To continue to meet these important community needs, SFMTA is developing a path forward for post-pandemic Slow Streets. Currently, four corridors--Sanchez Street, Shotwell Street, Lake Street, and Golden Gate Avenue--have been authorized to remain in place following the pandemic.
To become a lasting part of the city’s infrastructure beyond the pandemic, a Slow Street corridor must meet specific feasibility criteria, be reauthorized as a post-pandemic Slow Street by the MTA Board, and complete an outreach process with the community to determine the design of lasting Slow Street materials. Engagement with communities and residents will focus on how people are using the street, and what designs and approaches will best serve their needs. This means in the future, no two Slow Streets will look exactly the same, and the signage and traffic calming treatments along the corridors will reflect local needs and priorities.
How are you evaluating the success of the Slow Streets program?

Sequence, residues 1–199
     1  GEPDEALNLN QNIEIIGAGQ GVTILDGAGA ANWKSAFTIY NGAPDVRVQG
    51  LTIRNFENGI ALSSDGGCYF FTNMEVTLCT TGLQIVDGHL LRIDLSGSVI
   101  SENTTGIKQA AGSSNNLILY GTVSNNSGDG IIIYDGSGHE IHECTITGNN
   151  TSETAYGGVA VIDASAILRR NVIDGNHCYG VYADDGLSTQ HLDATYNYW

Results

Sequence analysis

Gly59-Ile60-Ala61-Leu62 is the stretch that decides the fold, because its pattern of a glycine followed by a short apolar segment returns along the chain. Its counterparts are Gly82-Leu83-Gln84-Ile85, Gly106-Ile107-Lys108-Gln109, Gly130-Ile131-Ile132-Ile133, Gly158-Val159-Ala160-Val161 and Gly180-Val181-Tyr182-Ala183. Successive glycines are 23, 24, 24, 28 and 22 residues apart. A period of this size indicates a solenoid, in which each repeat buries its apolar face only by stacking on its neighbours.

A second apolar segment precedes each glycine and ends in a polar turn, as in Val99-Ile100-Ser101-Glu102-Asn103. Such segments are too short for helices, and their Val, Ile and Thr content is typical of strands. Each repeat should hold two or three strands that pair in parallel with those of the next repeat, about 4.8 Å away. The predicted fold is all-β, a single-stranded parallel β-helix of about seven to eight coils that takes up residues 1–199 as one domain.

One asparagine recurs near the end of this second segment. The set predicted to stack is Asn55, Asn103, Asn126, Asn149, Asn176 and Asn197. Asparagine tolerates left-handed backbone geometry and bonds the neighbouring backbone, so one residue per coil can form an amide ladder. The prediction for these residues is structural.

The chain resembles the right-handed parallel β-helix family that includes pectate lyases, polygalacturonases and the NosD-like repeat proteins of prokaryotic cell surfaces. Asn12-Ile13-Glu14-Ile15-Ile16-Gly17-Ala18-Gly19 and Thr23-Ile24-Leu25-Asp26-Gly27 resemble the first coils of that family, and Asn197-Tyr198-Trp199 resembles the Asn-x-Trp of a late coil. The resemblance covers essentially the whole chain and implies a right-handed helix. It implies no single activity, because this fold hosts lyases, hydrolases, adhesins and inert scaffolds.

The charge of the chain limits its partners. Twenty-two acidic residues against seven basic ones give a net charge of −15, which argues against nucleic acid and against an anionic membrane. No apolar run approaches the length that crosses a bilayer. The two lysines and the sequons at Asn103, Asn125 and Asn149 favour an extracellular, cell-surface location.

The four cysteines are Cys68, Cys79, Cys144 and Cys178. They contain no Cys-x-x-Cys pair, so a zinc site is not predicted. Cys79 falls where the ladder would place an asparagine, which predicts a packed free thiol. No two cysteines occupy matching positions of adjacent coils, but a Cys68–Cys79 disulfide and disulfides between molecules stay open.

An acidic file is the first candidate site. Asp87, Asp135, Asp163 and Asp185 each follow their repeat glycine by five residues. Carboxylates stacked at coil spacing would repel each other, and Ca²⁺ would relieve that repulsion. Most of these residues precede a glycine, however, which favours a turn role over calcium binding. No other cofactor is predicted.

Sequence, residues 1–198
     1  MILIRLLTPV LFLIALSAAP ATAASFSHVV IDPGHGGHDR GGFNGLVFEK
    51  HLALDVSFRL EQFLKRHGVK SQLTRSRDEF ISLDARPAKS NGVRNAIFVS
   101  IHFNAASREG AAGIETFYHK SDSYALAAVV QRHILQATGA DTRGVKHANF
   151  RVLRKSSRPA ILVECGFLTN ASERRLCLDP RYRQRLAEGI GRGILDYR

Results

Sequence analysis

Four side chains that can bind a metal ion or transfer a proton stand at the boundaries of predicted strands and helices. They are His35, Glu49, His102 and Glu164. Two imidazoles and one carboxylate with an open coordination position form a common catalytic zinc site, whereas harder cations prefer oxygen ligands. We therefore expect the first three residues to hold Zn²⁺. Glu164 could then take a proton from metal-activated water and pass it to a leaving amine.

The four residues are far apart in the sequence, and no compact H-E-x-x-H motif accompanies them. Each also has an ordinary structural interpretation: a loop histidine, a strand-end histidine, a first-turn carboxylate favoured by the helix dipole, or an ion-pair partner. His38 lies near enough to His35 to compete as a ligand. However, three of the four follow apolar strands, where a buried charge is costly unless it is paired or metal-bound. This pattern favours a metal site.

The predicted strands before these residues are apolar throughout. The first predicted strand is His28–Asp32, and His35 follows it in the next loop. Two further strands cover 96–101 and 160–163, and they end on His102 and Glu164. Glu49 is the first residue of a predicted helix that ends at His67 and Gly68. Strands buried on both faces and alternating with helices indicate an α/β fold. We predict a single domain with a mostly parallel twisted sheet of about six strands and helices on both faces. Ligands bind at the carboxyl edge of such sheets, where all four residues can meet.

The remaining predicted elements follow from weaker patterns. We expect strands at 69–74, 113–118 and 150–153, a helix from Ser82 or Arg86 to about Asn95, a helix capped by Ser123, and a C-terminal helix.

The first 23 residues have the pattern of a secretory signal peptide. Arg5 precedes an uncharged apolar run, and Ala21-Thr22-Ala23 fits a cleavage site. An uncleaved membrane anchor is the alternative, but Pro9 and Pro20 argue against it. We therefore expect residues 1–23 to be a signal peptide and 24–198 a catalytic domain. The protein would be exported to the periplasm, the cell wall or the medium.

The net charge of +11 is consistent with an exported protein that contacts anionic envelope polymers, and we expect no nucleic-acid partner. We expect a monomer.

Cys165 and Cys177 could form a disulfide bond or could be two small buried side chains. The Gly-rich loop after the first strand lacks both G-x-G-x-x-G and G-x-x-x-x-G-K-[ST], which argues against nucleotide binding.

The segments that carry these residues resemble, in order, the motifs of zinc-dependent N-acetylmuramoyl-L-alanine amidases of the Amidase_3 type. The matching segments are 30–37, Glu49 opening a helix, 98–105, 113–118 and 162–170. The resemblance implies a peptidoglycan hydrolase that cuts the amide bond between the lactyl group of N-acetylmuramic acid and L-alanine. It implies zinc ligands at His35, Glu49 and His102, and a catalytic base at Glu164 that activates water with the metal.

The Slow Streets team is continually collecting traffic and usage data alongside resident feedback of the program. Our recent Slow Streets Evaluation Summary Report provides a high-level overview of the data used to assess the program. In it, you can find traffic data for each of the Slow Streets, including: daily vehicle volumes and speeds; bike and pedestrian traffic counts; and assessments of spillover traffic impacts. Additionally, user feedback from extensive surveying efforts is shown.
As San Francisco moves out of the pandemic, traffic patterns are evolving across the city. Our team is committed to ongoing data collection and evaluation to assess the direction of the program and where adjustments may be needed.
Do Slow Streets work everywhere?